On these six points, we have a zero tolerance policy for the coaches, athletes, crew booster officers, parent boosters, and alumni of our team. We expect everyone to conduct themselves in the highest of standards, being supportive, positive, and inclusive towards all those involved within, and outside of W-L High School Crew.

We promote this supportive and positive environment through example and education as appropriate. Discrimination based on race, sex, religious affiliation, sexual preference, federally protected class, or disability is not tolerated. All members of our program will be treated with equal respect, free from harassment or pressure, either intended or implied. W-L High School Crew offers a safe environment for all.

Rowers are expected to conduct themselves maturely and demonstrate good behavior and good sportsmanship while participating in the W-L Crew program. The W-L Crew Boosters recognize that the crew team may engage in various activities “off the water” to boost team spirit. These activities, while not intended to be harmful to rowers, may have an adverse effect on the students involved, if as a result of peer pressure, the rowers do things that they would not otherwise do. Of particular concern is the potential for misuse of power or influence by upperclassmen over lower classmen, however subtle the influence. Such a dynamic can be considered hazing.

Hazing is defined as any action or situation which recklessly or intentionally endangers the mental or physical health or safety of a student or which willfully destroys or removes public or private property for the purpose of initiation or admission into or affiliation with, or as a condition for continued membership in W-L Crew. Virginia State law states that any student found guilty of hazing will be charged with a Class 1 felony. The Boosters understand the importance of building team spirit but do not endorse any activity that could be deemed hazing. Outside of coach-supervised practices and regattas, rowers are encouraged to participate in team-related activities but are not required to do so. Coaches, team captains, and parents will work together to inform rowers about appropriate activities, to help monitor these activities and to prevent any activity that might be considered hazing.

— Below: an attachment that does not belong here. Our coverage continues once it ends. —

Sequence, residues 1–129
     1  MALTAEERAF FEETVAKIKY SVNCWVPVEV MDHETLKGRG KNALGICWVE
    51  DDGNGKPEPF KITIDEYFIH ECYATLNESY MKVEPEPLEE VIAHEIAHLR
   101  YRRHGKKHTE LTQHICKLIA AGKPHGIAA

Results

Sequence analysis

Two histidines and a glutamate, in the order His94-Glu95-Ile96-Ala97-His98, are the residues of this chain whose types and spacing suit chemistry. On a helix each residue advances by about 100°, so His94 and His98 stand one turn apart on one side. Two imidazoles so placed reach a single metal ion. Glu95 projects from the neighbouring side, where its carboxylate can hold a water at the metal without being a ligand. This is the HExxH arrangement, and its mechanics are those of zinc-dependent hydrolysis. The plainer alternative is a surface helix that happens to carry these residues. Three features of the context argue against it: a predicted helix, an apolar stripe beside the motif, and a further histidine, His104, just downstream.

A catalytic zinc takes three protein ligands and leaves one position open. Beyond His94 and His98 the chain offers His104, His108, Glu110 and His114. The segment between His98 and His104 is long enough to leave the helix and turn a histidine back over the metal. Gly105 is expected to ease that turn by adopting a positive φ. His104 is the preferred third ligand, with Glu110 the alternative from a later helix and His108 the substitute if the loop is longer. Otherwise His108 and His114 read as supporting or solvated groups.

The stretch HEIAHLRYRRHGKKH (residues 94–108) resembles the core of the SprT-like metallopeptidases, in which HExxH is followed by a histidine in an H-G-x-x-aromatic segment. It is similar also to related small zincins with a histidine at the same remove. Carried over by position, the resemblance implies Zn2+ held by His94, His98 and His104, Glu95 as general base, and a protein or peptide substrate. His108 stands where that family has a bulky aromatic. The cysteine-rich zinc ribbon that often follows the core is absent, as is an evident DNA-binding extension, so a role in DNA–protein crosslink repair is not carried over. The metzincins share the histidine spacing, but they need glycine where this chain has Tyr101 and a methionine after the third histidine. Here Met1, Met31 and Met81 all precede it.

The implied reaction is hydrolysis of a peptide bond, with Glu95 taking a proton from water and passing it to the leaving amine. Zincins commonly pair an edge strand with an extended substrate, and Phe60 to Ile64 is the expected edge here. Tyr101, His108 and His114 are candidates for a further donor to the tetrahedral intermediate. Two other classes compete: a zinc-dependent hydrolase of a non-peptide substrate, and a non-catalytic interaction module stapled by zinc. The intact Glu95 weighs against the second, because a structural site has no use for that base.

Handling Complaints

If a rower and/or his parent have a concern or complaint with any of the coaching staff, he or she is encouraged to discuss the concern directly with the coach.

If the concern is not resolved with the coach, the parent is advised to take the issue to the next higher level of authority until the issue is satisfactorily resolved by all involved.

The order of authority for the W-L crew program is as follows: Head Coach, Activities Director, School Principal, the County Education Department and then, the School Board.

Any member of the coaching staff with a concern should follow the same procedure.

On occasion the Crew Boosters, through their President or other Board members, may be able to help resolve issues that arise among the team, coaches, and parents; however, the Crew Boosters have no formal role in personnel matters involving coaches.